“He didn’t start off the game well, didn’t play particularly well,” Jim Calhoun said. “And in the second half he was the guy and he was great in the middle, scored points first for us, rebounded first, got in there, did a great job on defense.”

Jeremy Lamb finished with 17 points and four boards while Shabazz Napier added 10 points and a couple of huge jumpers in the second half. Coombs-McDaniel had just five points and two boards, but he made the biggest play of the game getting the offensive board with 18 seconds left.

So while Kemba is the hero, remember that he would not have been in a position to provide the heroics if it wasn’t for the play of the other four guys on the floor.

And that is why UConn is heading to the semis.

Rob Dauster is the editor of the college basketball website Ballin’ is a Habit. You can find him on twitter @ballinisahabit.

John Petty Jr. returns to Alabama for senior season

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TUSCALOOSA, Ala. — Alabama guard John Petty Jr. is staying in school instead of entering the NBA draft.

The Crimson Tide junior announced his decision to return for his senior season Monday on Twitter, proclaiming: “I’m back.”

Petty, the Tide’s top 3-point shooter, averaged 14.5 points and a team-high 6.6 rebounds rebounds last season. He was second on the team in assists.

Petty made 85 3-pointers in 29 games, shooting at a 44% clip.

Alabama coach Nate Oats called him “one of the best, if not the best, shooters in the country.”

“He’s made it clear that it’s his goal to become a first round pick in the 2021 NBA Draft and we’re going to work with him to make sure he’s in the best position to reach that goal,” Oats said.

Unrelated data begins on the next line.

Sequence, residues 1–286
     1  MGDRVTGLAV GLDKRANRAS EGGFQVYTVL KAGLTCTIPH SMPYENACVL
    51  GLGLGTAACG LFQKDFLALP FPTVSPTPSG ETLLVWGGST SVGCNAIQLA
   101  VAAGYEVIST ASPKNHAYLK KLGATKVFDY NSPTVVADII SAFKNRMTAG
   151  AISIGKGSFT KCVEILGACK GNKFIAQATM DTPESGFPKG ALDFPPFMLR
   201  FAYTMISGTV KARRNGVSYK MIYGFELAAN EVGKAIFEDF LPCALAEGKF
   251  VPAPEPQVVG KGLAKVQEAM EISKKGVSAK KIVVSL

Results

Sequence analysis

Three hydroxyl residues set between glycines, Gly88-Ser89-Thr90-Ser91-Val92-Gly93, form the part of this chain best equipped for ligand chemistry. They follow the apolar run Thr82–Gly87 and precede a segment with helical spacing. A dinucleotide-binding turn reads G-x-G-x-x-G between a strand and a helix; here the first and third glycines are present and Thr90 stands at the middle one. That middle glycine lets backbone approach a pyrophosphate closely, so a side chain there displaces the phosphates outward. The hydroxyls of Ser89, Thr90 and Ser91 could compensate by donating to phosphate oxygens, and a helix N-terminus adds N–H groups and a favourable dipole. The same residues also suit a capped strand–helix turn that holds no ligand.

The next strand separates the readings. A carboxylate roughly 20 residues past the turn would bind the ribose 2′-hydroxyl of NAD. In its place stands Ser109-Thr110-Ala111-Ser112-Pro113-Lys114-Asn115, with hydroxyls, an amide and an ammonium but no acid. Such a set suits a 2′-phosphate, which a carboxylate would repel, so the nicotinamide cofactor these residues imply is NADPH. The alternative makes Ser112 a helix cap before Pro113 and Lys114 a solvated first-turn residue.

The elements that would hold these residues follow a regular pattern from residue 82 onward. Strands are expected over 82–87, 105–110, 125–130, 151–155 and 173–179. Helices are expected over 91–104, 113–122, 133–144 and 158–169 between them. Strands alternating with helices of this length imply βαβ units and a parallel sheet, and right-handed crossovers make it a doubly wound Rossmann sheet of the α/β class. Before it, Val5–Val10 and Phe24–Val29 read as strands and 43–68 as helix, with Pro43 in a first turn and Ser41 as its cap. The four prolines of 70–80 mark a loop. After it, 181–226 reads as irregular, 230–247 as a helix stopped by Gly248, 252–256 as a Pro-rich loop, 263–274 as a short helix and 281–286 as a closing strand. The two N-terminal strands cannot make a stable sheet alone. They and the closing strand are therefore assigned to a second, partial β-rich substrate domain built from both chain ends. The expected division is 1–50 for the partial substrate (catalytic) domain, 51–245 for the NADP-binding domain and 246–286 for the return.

Fellow Tide guard Kira Lewis Jr. is regarded as a likely first-round draft pick.

McKinley Wright IV returns to Colorado

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McKinley Wright IV will be back for season No. 4 with the Colorado Buffaloes.

The point guard tested the NBA draft process before announcing a return for his senior year. It’s a big boost for a Buffaloes team that’s coming off a 21-11 mark in 2019-20 and was potentially looking at an NCAA Tournament bid before the season was halted due to the COVID-19 pandemic.

Wright was an All-Pac-12 first team selection a season ago, along with an all-defensive team pick. He and athletic forward Tyler Bey declared for the draft in late March. Bey remains in the draft.

“We’ve got unfinished business,” said Wright, who averaged 14.4 points and 5.0 assists per game last season.

Midway through the season, the Buffaloes were looking like a lock for their first NCAA Tournament appearance since ’15-16. Then, the team hit a five-game skid, including a loss to Washington State in the Pac-12 tournament. Simply put, they hit a defensive rut they just couldn’t shake out of, Wright said. It drove him to work that much harder in the offseason.

“This is my last go-around and I’ve got big dreams,” the 6-footer from Minnesota said. “I want to take CU to a place they haven’t been in a while. We want to go back to the tournament and win high-level games.”

The feedback from NBA scouts was reaffirming for Wright. He said they appreciated his transition game, movement away from the ball and his defensive intangibles. They also gave Wright areas he needed to shore up such as assist-to-turnover ratio and shooting the 3-pointer with more consistency.

He took it to heart while training in Arizona during the pandemic. He recently returned to Boulder, Colorado, where he’s going through quarantine before joining his teammates for workouts.

“The work I put in and the time I spent in the gym compared to all my other offseasons, it’s a big gap,” Wright said. “Last offseason, I thought I worked hard. But it was nothing compared to the time and different type of mindset I put myself in this year.”

Another motivating factor for his return was this: a chance to be the first in his family to earn his college degree. He’s majoring in ethnic studies with a minor in communications.

“My grandparents are excited about that. My parents are excited about that,” Wright said. “I’m excited about that as well.”